TaylorWessingWhen the new system of unitary patents and a Unified Patent Court (UPC) is introduced, it will be the most radical change to the European patent landscape in a generation. This may happen as little as two years from now and so, given the nature of the changes to ownership and enforcement that will be made possible, and the revocation risks, it is imperative that those with patents now begin to consider how they can adjust to, and benefit from, this new system. This is particularly the case for patents held by multiple owners and licensees.

At present, the EPO grants a bundle of patents across Europe (European patents, or “classicals”). Each patent in the bundle protects one of the countries designated in the original application filed with the EPO. Aside from opposition at the EPO within the first nine months of grant, enforcements or challenges to the validity of these patents must be fought in the national courts of their respective designations. This can mean several national actions if infringements in more than one country are to be stopped.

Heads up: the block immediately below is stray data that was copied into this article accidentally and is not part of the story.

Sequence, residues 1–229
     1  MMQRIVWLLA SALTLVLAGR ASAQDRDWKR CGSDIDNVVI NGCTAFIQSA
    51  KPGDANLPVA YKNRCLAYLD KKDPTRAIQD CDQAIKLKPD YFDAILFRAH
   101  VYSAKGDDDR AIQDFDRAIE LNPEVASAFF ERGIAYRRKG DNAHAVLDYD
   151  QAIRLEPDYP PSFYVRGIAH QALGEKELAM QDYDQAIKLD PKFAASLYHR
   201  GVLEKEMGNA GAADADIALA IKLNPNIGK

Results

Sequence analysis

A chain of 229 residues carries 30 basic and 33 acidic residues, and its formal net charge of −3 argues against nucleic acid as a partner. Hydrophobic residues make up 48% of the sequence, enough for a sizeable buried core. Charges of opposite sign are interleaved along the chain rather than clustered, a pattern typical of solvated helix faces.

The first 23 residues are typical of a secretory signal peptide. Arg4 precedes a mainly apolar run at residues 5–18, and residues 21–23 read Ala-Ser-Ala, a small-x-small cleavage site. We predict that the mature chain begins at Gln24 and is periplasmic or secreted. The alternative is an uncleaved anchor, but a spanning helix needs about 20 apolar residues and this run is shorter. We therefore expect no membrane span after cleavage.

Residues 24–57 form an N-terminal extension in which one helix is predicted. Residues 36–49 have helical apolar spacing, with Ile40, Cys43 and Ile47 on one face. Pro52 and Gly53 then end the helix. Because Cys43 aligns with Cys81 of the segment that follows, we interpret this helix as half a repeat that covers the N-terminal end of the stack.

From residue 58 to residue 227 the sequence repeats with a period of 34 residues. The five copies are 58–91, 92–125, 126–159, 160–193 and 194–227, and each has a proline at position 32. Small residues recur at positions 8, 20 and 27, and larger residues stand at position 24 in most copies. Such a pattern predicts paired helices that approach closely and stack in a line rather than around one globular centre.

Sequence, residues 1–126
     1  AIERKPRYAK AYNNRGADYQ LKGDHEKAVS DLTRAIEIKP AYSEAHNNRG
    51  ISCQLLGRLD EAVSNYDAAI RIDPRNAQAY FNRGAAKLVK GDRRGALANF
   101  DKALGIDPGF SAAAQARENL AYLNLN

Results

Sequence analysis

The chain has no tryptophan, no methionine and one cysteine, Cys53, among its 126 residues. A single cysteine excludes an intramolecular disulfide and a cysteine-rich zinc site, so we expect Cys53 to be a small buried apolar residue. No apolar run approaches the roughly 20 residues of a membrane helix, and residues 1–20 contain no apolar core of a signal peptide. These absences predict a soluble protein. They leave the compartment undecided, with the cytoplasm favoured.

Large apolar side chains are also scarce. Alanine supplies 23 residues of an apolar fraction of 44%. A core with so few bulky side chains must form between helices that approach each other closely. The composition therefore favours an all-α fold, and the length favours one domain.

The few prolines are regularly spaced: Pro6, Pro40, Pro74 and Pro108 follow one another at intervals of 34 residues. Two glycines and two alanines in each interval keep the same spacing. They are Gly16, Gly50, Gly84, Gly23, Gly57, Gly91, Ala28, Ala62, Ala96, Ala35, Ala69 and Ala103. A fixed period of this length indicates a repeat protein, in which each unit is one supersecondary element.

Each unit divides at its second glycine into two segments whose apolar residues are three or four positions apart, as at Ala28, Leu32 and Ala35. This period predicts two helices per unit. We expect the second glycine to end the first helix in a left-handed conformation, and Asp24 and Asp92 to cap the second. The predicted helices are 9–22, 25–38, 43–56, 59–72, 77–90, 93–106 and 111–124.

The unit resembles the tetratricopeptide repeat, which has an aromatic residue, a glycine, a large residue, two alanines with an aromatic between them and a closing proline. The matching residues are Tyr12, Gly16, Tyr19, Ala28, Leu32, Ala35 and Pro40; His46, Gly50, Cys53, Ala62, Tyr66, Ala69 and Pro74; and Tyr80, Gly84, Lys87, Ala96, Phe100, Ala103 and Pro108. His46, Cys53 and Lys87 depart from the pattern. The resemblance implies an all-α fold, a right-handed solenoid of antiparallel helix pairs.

In contrast, a unitary patent (full name “European patent with unitary effect”) will be a single, pan-European right protecting all the EU Member States (excluding Italy, Spain and Poland). This patent will be a new option for patent holders and will exist alongside the above classical European patents, together with the existing system of national patents.

Unitary patents are obtained in the same way as classical European patents, except that a request for unitary status must be filed with the EPO within one month of the date of grant. If this period is missed, the opportunity to obtain unitary patent status is lost and the patent remains of the classical European type.